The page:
Are CIOs Ready For The Arrival Of Software Defined Networking (SDN)?

Can we be honest for just a moment? Despite the importance of information technology, the way that all of us are building networks is just a little bit antiquated. We’ve been doing this stuff the same way for a very, very long time. The problem is that we’re still not very good at it. No matter how many CCENT, CCNA, CCNP, CCIE, etc. certified folks you have working on this problem, the networks that we are building have the same problems and limitations that networks have always had. Isn’t there a better way of doing this stuff?

What Google Did

Way back on December 10th, 2012 Google had an outage. This is actually a fairly big deal. Google spends a lot of money and hires a lot of very smart people in order to not have outages. This outage was a bit of a game changer for them: it opened their eyes to the fact that they could have outages that were no fault of their own but which were caused by fault’s in the company’s networks.

It was at around this time that Google and a number of other big name firms in the IT industry got seriously interested in a new way of building networks that is called Software Defined Networking (SDN). The promise of SDN is that it will allow the people with the CIO job to create corporate networks that are both easier to operate and cheaper to build. The arrival of SDN should make the big boys in the field of computer network gear, Cisco, Juniper, HP, IBM, etc. very, very nervous.

We build our corporate networks today using complicated devices purchased from companies like Cisco. Then, over time, we pay for expensive updates to both the hardware and the software that go into these devices. SDN offers us a different approach. SDN uses powerful software to create networks that can be reconfigured quickly via software and which does not require us to make a lot of complicated hardware changes. These networks are built using simple “white box” routers and thereby allow firms to save up to 50% on the cost of building a network.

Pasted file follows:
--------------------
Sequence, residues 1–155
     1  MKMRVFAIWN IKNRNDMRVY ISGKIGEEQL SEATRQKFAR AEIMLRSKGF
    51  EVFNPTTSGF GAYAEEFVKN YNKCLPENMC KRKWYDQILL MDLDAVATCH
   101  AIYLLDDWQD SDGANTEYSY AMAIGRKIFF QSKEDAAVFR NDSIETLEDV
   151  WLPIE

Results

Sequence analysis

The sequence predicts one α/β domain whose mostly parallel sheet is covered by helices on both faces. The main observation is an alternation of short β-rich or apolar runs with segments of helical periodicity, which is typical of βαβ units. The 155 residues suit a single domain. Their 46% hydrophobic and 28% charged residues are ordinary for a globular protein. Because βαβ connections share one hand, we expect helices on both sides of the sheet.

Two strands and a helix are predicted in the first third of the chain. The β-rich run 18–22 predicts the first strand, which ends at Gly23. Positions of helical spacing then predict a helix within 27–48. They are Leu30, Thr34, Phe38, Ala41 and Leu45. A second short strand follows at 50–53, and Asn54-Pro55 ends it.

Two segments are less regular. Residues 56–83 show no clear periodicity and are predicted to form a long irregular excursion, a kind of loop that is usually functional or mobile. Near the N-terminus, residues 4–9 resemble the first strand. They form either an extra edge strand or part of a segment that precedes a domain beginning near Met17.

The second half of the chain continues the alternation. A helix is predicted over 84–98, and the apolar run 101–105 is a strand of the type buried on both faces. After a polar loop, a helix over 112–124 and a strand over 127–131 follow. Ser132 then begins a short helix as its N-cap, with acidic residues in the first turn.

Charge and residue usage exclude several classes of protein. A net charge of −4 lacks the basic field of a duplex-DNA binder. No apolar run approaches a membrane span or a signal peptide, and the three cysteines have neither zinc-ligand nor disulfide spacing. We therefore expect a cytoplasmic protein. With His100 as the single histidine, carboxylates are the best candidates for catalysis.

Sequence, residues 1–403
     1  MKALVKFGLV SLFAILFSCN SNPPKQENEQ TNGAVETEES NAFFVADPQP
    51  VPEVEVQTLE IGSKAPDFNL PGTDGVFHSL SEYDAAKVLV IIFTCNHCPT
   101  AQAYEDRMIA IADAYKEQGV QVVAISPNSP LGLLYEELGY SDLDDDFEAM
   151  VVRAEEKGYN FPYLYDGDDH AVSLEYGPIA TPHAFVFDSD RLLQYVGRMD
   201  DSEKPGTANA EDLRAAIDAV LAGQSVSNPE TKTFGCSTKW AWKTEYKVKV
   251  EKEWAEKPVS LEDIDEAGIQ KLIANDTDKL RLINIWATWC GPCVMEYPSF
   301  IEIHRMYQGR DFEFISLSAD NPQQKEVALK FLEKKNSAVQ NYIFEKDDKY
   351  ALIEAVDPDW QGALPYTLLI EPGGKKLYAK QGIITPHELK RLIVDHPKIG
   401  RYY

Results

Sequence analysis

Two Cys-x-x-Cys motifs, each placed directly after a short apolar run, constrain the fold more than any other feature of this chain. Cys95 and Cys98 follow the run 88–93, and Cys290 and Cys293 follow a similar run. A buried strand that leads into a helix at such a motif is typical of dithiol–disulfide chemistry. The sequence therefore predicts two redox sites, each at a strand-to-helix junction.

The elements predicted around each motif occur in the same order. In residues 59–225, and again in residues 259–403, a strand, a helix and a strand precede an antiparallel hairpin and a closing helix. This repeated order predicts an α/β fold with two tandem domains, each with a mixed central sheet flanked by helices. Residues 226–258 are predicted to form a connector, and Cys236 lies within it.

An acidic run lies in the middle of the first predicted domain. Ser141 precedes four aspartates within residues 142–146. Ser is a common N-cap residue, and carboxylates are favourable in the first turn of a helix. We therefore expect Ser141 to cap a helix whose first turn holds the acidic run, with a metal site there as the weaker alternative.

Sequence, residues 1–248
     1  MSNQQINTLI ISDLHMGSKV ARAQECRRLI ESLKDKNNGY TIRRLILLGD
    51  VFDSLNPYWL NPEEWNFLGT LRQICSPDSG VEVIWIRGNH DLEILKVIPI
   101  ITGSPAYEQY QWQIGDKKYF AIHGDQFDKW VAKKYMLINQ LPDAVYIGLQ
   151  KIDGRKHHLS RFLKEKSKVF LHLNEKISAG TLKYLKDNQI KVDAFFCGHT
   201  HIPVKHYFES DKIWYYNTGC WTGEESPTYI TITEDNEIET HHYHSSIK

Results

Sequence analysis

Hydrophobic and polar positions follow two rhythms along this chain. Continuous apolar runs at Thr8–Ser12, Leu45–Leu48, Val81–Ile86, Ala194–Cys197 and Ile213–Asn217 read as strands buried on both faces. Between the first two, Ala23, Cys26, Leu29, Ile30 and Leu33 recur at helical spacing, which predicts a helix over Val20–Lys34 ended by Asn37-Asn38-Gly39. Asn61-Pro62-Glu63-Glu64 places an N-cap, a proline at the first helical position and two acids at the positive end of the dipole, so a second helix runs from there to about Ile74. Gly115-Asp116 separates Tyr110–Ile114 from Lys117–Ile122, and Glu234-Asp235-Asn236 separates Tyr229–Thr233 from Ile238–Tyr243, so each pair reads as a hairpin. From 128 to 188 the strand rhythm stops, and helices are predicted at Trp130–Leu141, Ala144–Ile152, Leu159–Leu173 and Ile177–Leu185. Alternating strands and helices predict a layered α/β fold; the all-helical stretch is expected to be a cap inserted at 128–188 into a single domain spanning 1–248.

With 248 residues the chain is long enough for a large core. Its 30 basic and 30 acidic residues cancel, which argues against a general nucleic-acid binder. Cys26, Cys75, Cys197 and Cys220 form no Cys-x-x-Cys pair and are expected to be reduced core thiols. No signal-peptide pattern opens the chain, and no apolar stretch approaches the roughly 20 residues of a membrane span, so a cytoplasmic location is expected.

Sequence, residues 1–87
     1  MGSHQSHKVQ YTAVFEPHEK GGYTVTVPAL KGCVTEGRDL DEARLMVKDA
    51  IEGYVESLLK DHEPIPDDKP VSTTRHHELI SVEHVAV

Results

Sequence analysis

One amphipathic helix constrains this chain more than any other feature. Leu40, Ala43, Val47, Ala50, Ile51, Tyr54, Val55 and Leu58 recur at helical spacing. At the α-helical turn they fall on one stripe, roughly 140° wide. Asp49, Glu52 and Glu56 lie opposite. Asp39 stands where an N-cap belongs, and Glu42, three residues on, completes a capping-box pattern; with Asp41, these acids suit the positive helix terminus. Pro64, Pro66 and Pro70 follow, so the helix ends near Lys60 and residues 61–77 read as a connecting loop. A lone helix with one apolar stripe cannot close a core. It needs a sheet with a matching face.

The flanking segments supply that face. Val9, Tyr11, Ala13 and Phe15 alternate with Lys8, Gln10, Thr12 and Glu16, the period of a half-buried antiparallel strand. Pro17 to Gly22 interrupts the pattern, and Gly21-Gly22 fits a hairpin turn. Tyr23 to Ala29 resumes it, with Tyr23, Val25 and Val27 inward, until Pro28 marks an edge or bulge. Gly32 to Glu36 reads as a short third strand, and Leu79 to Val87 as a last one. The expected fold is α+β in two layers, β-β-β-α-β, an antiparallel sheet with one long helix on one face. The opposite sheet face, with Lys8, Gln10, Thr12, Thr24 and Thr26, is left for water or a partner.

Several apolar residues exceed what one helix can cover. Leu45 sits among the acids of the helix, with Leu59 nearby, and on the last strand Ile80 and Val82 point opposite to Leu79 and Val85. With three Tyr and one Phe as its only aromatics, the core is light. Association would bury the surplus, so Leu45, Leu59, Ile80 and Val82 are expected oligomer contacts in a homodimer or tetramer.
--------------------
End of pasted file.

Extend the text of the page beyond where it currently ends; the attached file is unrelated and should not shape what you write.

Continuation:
Why SDN Matters

Technology fads come and go. Why should the people what have the CIO position take the time to learn more about SDN? One of the biggest motivations has to be cost savings. In a network that has been built using SDN technology, firms can expect to get more computing capacity out of their existing servers. Best estimates are saying that firms can expect to save US$500,000 from the cost of setting up and running a single rack of 40 high-end servers. In a single data center, the savings could be very large.

Another reason for firms to consider starting to build their networks using SDN is because SDN makes it easier to reconfigure the network. This means that when it comes time for a firm to launch a new application either for its customers or for its employees, a simple set of software changes that can be quickly and easily performed is all that will be required to configure the network to support the new service.

As evidence of just how important SDN has now become, venture capital firms have started to pour money into startup firms that are operating in this area. Large firms such as Brocade and VM have started to purchase smaller firms that are working on SDN products and Brocade just paid US$1.3B for SDN firm Nicira. Clearly the time for SDN networks has arrived!

What All Of This Means For You

The times they are changing. The way that IT departments have traditionally built networks has resulted in networks that suffer from some serious limitations. Clearly something has to change. The arrival of the Software Defined Networking (SDN) approach to building networks may change everything.

Google is leading the way in building enterprise quality SDN networks. IT departments could potentially save up to 50% on how much they spend on their networks if they build them using SDN. Additionally, companies should be able to get more functionality out of the servers that they have in their network. The ability to reconfigure a network using software will make adapting to changing network conditions much easier for CIOs.

CIOs need to understand that the arrival of Software Defined Networking (SDN) presents the possibility of completely changing how we both build and operate our corporate networks. The ability to reduce costs and increase functionality means that every CIO needs to take a careful look at this new technology and determine if it is right for their corporate network.


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